How to Spend More Than You Earn
The Wall Street Journal (WSJ) recently ran an article about affluent individuals and families who, despite large six-figure salaries, managed to pile up a huge amount of debt. They cited one woman who had accumulated $300K in debt despite earning more than $200 a year. Reader responses, unsurprisingly, were variously indignant, angry, and puzzled. Many couldn’t understand how it’s even possible to spend that much more than one’s income. So the newspaper followed up with a budget created for a fictitious family of four earning $400K to show how easy it is to overspend. With an $850K mortgage, a $30K grocery bill (from shopping at high-end stores, purchasing $60 bottles of wine, and hosting numerous dinner parties), plus $60K cars for each member of the family, they managed to spend $10K more than their after-tax earnings.
Certainly creating and sticking to a budget is one good way to control spending. But not everyone is comfortable being that regimented, especially when they have a large income. If you ever wondered if you are at risk of overspending, here are some the key warning signs:
- Buying things on impulse. It’s one thing to occasionally splurge on filet mignon when you go shopping for chicken. It’s quite another to purchase an Arctic Cat ATV the day after seeing one cruise by. Even small unnecessary purchases can add up if you make them frequently enough. How crammed is your garage or closet (or house) with stuff you don’t need?
- Considering debt to be free money. The proliferation of credit cards makes it easy to spend more money than you currently have. Before running up a balance on your card, do you create a plan to pay it back? And in addition to consumer credit, many of us need to carry longer-term debt to pay for our home, possibly our cars, and even our children’s college costs. How much total debt have you used to finance everything? If it’s more than 50% of the total value of the assets that you own, that’s a lot of debt to have to eliminate!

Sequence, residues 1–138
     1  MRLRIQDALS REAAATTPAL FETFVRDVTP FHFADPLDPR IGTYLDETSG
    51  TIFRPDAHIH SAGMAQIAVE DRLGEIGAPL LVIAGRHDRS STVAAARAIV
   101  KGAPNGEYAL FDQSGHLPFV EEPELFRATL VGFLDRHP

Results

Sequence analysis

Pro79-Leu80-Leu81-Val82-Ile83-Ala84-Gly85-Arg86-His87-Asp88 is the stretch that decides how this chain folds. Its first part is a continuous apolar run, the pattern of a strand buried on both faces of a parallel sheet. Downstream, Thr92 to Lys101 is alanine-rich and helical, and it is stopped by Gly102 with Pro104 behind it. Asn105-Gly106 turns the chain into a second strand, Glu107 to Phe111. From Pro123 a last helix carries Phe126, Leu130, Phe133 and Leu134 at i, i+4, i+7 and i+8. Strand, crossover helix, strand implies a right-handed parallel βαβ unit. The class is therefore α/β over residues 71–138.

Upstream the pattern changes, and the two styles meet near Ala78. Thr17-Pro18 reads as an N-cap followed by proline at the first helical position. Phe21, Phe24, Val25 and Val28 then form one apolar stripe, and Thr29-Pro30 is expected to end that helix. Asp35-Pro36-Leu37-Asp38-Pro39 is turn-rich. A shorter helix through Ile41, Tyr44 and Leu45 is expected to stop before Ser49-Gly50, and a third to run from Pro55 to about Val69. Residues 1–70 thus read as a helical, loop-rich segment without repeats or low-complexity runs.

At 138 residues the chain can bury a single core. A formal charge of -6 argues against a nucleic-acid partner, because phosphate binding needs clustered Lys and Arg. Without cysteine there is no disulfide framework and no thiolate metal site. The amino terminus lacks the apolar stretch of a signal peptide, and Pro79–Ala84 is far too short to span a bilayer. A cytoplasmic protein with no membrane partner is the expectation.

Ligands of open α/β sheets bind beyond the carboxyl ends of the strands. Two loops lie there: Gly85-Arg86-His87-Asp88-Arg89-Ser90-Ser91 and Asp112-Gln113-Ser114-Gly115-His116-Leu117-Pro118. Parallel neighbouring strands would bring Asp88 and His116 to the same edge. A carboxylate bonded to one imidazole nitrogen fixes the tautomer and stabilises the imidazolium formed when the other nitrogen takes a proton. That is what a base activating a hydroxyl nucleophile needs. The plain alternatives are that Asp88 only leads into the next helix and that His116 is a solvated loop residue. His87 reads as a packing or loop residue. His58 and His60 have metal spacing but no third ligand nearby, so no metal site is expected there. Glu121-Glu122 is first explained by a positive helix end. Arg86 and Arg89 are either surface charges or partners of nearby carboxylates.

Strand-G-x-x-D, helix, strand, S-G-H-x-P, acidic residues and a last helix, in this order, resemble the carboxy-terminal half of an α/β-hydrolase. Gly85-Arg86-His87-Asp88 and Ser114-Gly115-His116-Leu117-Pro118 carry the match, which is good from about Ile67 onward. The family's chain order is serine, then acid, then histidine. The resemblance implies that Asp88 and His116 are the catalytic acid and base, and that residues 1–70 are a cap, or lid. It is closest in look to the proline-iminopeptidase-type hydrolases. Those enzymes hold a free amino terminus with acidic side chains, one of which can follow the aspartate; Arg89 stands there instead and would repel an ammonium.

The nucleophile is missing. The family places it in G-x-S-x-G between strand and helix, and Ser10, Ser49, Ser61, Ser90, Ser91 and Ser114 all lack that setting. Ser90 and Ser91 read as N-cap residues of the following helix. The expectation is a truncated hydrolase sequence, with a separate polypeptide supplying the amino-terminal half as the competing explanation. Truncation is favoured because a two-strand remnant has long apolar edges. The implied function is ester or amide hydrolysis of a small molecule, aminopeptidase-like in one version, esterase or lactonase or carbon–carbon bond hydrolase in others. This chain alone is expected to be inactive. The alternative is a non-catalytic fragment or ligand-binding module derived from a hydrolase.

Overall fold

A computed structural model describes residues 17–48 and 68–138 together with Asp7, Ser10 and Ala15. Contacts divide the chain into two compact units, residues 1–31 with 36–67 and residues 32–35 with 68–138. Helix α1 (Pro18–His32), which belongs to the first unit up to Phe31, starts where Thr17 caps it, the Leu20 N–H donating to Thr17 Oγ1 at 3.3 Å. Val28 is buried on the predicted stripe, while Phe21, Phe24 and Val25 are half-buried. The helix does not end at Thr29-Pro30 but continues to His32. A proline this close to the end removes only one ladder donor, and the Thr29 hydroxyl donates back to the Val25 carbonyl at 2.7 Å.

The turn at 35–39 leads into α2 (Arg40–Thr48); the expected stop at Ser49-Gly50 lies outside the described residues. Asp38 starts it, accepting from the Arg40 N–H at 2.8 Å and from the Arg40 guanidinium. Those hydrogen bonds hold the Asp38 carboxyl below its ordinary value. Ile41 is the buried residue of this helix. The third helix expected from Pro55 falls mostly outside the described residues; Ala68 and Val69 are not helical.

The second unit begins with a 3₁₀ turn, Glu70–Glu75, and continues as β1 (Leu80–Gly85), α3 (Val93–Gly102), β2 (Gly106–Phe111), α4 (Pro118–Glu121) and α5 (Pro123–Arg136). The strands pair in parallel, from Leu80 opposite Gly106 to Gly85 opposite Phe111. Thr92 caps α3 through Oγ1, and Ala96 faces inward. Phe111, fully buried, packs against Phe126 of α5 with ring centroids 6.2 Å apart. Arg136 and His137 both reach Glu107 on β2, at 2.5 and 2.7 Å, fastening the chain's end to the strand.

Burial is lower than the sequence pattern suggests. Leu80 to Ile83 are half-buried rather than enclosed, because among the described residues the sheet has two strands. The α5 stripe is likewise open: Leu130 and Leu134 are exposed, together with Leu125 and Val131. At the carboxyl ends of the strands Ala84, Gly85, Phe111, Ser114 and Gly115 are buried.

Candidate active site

- Not planning for your future. Do you take the attitude that things will always work themselves out? While an optimistic view of life is healthy, if you haven’t created a plan for your future, you’re leaving future success up to chance rather than taking control of it. And you never know what might happen. Many middle-class Americans found themselves without a house or a job after the Crash of 2008. The common refrain was “I never in my life expected to find myself in this situation.”
- Viewing material wealth as a status symbol. What’s unfortunate is that American culture and economic growth are both oriented towards increasing levels of consumer spending. According to one respondent to the WSJ article, “We’re constantly bombarded by images of ‘the good life’ and made to feel inadequate if we’re buying cheap furniture, cheap clothes, and cheap cars.” Ironically, the wealthier a family appears, the poorer they likelier are, and vice-versa, according to the book The Millionaire Next Door. How well are you able to resist the urge to keep up with your neighbors?
- Not differentiating between “wants” and “needs.” You may need a car. But does it really need to be an $80K Tesla Model S?
Ultimately the more you can save, the better off your future will be. My favorite response to the WSJ article came from a retiree who reported that “At retirement, I lost [the] biggest expense that I had when working – which was saving for retirement.”